Concurrent epistaxis, retinal bleeding and hypercoagulability in dog with visceral leishmaniosis

Itamar Aroch*, R. Ofri, G. Baneth

*Corresponding author for this work

Research output: Contribution to journalArticlepeer-review

2 Scopus citations

Abstract

Canine visceral leishmaniosis (CVL) caused by Leishmania infantum is a common endemic zoonotic disease in the Middle East, including Israel. The common clinical signs, include, among others, ocular lesions and epistaxis. This report describes a case of CVL in a Boxer dog, which was presented to the hospital due to severe epistaxis, retinal hemorrhage, detachment and uveitis. The platelet count and platelet-crit were increased, and the clotting times were normal. Thromboelastometry demonstrated marked hypercoagulability. The bleeding tendency in this dog was therefore present concurrently with a hypercoagulable state and was likely a result of vasculitis secondary to circulating immune complex (CIC) deposition, which probably interfered with the platelet-vascular endothelium interactions. The dog improved with systemic prednisone and allopurinol therapy, as well as topical ophthalmic treatment. No bleeding episodes were noted from the time treatment was initiated. Nevertheless, the dog remained hypercoagulable during the follow-up period. Epistaxis and retinal hemorrhages in dogs with CVL may result from platelet dysfunction and thrombocytopenia, as previously reported. Nevertheless, based on the present findings, we suggest that in a subset of such cases, when thrombocytopenia is absent and hypercoagulability is demonstrated, bleeding may occur secondary to vasculitis. Thromboelastomety is therefore indicated in dogs with CVL, even in cases showing a bleeding tendency.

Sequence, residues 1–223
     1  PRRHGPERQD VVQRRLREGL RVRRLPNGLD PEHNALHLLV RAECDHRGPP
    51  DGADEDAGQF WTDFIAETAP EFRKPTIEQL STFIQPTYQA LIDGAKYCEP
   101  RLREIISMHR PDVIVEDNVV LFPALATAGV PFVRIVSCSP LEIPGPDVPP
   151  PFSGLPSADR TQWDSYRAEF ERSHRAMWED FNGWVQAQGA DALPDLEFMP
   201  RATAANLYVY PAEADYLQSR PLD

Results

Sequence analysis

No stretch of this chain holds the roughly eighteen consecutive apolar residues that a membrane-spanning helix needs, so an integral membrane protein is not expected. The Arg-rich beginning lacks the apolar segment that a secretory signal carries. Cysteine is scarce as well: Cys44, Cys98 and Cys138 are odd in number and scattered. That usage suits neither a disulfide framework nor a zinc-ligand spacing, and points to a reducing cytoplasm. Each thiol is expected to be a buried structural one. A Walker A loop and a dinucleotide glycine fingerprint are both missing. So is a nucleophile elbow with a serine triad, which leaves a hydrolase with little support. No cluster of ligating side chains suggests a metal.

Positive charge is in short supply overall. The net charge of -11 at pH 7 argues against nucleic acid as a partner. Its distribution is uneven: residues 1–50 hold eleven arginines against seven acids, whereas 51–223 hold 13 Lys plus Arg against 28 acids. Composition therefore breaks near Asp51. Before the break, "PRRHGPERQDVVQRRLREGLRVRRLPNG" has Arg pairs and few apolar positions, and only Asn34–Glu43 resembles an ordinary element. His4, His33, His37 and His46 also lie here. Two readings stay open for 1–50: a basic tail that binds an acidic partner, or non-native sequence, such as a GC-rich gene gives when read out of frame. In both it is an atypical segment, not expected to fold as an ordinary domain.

Original languageAmerican English
Pages (from-to)39-48
Number of pages10
JournalIsrael Journal of Veterinary Medicine
Volume72
Issue number4
StatePublished - Dec 2017

Bibliographical note

Publisher Copyright:
© 2017, Israel Veterinary Medical Association. All rights reserved.

Keywords

  • Canine
  • Coagulation
  • Hemostasis
  • Leishmania infantum
  • Thromboelastometry

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